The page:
When it comes to treating or preventing diarrhea, diet is an important factor to consider. Diet is important:
- During and after an acute diarrhea attack.
- In helping to diagnose causes of chronic diarrhea.
- In preventing traveler’s diarrhea.
- In treating conditions such as irritable bowel syndrome (IBS) and celiac disease.
During and shortly after an acute attack of diarrhea, a “Diarrhea diet” should focus on:
- Replacing lost fluids and electrolytes.
- Avoiding certain foods that can make diarrhea worse (such as fried foods).
- Including foods that are easy to digest (such as plain rice).
Many people think that drinking fluids during bouts of diarrhea will worsen the diarrhea. This is not true. In fact, drinking fluids is very important during bouts of diarrhea to prevent dehydration, which is the loss of vital fluids and electrolytes (sodium and potassium). Proper hydration is especially important in children with diarrhea because they can die from dehydration within a couple of days.
Although water is extremely important in preventing dehydration, it does not contain electrolytes. Good choices to help maintain electrolyte levels include broth or soups (which contain sodium), and certain fruit juices, soft fruits, or vegetables (which contain potassium).
For children, doctors often recommend a special rehydration solution that contains the nutrients they need. You can buy this solution in the grocery store without a prescription. Examples of rehydration solutions include Pedialyte®, CeraLyte®, and Infalyte®.
Foods to avoid as part of the “Diarrhea diet”
While you are waiting for the diarrhea to end, you should avoid foods that can make it worse. Some foods that can make diarrhea worse include:
- Milk and milk products (except yogurt), such as ice cream or cheese.
- High–fat or greasy foods, such as fried foods.
- Very sweet foods, such as cakes and cookies.
- Foods that have a lot of fiber, such as citrus fruits.
- Apple juice, pear juice, and cherry juice. White grape juice is a good alternative.
- Any foods that contain Olestra®, such as fat–free potato chips or fat–free ice cream.
- Sugar–free gum or mints.
- Drinks with caffeine, such as coffee, tea, or soda.
As you recover from a bout of diarrhea, the best foods to start eating are easily digested, high–carbohydrate foods. These include:
- Plain rice.
- Boiled potatoes.
- Cooked carrots.
- Baked chicken without the skin or fat.
For children, the pediatrician may recommend what is called the BRAT diet: bananas, rice, applesauce, and toast.
Using diet to help diagnose chronic diarrhea
Any diarrhea that lasts longer than two weeks is known as chronic diarrhea. As part of diagnosing the cause of chronic diarrhea, the healthcare provider will typically ask a number of questions. Based on the answers to these questions (along with the physical exam), your healthcare provider may suspect that a food intolerance or food allergy is causing your diarrhea. In such cases, your healthcare provider may ask you to avoid foods containing:
- Lactose, which is found in milk products (and can cause diarrhea in people with a lactose intolerance).
- Gluten, which is found in wheat, rye, and barley (if your healthcare provider suspects celiac disease).
- Other substances.
A traveler’s preventative diarrhea diet
Traveler’s diarrhea may occur when you consume food or water contaminated with bacteria, viruses, or parasites. There are precautions you can take to prevent traveler’s diarrhea when you go abroad.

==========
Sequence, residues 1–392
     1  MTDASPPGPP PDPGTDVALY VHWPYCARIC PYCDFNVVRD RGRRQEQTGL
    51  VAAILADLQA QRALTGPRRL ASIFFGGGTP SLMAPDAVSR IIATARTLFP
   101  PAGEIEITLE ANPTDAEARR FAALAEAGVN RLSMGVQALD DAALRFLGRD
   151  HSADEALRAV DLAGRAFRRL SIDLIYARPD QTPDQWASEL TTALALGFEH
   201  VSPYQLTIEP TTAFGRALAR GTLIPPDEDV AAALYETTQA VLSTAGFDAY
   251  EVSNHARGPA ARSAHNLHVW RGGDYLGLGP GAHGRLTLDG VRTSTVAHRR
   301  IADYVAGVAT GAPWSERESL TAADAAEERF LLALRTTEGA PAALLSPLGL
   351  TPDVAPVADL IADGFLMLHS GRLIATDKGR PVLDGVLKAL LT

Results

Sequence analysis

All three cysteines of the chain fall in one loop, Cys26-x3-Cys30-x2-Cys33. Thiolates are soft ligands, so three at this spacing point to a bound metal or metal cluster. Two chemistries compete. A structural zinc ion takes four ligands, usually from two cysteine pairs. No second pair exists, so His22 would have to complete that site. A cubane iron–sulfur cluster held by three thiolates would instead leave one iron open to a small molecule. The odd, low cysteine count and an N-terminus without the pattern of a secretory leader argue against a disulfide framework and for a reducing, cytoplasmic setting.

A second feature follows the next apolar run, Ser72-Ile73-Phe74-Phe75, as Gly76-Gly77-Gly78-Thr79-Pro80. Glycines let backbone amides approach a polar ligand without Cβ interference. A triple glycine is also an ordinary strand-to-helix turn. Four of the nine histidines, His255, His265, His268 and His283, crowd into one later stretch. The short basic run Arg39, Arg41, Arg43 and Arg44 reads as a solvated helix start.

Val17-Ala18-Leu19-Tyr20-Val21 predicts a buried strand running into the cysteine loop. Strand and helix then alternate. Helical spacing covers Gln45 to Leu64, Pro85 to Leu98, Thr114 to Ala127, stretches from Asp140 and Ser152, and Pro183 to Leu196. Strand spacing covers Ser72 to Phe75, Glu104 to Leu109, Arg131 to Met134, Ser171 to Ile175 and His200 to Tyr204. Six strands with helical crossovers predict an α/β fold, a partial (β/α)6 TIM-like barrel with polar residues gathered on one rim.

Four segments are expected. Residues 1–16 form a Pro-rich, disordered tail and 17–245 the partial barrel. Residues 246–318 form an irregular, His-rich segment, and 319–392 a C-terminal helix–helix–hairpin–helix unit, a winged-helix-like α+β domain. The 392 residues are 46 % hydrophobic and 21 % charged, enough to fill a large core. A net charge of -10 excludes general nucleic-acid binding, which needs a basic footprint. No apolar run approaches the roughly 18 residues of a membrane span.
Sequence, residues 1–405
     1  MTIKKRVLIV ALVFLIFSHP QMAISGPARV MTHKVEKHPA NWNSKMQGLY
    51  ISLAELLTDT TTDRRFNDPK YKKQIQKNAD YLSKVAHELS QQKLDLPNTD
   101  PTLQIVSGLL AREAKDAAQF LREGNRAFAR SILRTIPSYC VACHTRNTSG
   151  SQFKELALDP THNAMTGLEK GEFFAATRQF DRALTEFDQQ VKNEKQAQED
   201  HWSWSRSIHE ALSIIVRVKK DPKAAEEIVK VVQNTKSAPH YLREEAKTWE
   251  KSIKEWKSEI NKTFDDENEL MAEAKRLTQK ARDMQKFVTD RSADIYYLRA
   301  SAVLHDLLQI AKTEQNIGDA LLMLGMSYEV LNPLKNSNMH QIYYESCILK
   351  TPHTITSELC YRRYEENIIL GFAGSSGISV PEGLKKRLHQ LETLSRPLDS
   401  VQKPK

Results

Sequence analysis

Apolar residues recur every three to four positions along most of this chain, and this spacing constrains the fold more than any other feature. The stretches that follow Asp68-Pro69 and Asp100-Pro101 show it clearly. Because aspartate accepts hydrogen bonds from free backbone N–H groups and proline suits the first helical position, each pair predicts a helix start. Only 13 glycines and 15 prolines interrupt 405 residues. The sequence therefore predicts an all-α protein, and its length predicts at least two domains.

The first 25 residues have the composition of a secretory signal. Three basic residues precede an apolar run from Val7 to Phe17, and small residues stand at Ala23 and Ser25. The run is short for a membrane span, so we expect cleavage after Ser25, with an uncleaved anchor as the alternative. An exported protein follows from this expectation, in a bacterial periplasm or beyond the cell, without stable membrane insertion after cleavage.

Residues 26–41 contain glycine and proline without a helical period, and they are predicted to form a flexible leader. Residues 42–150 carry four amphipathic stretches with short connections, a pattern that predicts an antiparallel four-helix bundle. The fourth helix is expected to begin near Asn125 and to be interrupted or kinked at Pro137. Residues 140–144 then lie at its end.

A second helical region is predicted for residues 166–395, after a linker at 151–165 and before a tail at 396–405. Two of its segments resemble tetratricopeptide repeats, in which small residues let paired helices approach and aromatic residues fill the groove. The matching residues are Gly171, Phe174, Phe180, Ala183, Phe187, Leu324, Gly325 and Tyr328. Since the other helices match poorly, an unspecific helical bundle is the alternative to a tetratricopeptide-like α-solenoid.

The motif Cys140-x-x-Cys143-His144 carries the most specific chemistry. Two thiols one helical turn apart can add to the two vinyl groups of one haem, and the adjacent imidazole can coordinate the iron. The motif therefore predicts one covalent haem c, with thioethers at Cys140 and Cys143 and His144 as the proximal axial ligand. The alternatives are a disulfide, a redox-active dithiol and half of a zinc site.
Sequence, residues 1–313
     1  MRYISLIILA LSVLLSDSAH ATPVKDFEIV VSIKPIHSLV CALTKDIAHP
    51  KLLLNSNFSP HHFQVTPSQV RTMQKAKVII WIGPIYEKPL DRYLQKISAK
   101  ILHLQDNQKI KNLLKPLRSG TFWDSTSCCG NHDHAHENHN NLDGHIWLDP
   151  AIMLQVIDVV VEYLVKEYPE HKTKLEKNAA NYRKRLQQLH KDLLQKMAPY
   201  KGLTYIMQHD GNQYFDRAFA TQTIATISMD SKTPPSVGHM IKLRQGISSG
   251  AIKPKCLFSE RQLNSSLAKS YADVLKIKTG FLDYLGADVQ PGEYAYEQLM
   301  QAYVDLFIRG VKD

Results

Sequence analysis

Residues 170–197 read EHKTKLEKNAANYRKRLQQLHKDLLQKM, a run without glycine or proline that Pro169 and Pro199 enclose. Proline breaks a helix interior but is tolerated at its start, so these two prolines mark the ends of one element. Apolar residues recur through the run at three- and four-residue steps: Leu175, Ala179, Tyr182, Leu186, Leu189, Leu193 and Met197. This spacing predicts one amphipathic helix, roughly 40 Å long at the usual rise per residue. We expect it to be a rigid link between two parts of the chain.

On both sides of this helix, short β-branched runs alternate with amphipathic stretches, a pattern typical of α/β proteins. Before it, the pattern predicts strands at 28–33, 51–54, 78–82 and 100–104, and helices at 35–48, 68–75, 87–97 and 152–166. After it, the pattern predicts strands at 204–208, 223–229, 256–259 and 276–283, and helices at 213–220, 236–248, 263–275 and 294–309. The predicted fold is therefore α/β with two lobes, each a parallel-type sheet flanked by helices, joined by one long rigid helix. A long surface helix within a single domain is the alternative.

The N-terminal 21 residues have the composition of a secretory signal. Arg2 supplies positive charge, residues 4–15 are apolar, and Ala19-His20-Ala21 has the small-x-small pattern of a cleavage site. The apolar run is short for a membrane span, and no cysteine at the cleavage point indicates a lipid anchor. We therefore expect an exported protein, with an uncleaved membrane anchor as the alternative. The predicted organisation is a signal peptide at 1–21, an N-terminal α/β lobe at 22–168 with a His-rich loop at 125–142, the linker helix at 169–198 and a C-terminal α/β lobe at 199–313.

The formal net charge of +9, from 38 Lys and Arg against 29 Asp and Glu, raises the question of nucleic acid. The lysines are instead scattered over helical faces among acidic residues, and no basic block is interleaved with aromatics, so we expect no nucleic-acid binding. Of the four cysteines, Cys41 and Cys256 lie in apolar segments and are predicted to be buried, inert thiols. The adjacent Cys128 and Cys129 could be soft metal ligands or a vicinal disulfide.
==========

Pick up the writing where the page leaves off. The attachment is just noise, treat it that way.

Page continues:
As part of the traveler’s diarrhea diet
- Avoid drinking tap water or using ice cubes made from tap water. Do not use tap water when brushing your teeth.
- Avoid drinking unpasteurized milk or eating dairy products made from it.
- Do not eat meat or shellfish that is not hot when served to you.
- Avoid all raw fruits and vegetables (including lettuce and fruit salad) unless they can be peeled and you peel them yourself.
- Do not eat raw or rare meat or fish.
- Do not eat food sold by street vendors.
Medical conditions and the diarrhea diet
There are a number of medical conditions that can cause diarrhea. Two such medical conditions include irritable bowel syndrome and celiac disease. Both of these conditions can be improved through changes in diet.
IBS, diarrhea, and diet
Irritable bowel syndrome, or IBS, is a condition that interferes with the normal functions of the colon. Common IBS symptoms include crampy abdominal pain (or stomach pain), bloating, constipation, and diarrhea.
For many people with irritable bowel syndrome, diet can help control the symptoms of IBS. However, everyone’s IBS diet will be a little different because types of food that affect one person may not affect another and vice versa. So one of the first steps for anyone diagnosed with irritable bowel syndrome is to become familiar with foods that have been known to worsen or improve symptoms of the condition.
Many people with IBS find that they have problems with certain foods, including
- Dairy products.
- Caffeinated beverages, such as coffee, some teas, and some soft drinks.
- Alcoholic beverages.
- Spicy foods.
- Certain raw fruits and vegetables, especially broccoli and cabbage.
- Fruit juices.
- Artificial sweeteners, such as sorbitol or mannitol
- High–fat foods such as butter, red meat, avocados, and nuts.
Celiac disease is a digestive disease that damages the small intestine and interferes with absorption of nutrients from food. People who have celiac disease cannot tolerate a protein called gluten, found in wheat, rye, and barley.
For a person diagnosed with celiac disease, treatment begins with a gluten–free diet for life. A gluten–free diet is the only diet for celiac disease that will treat the condition.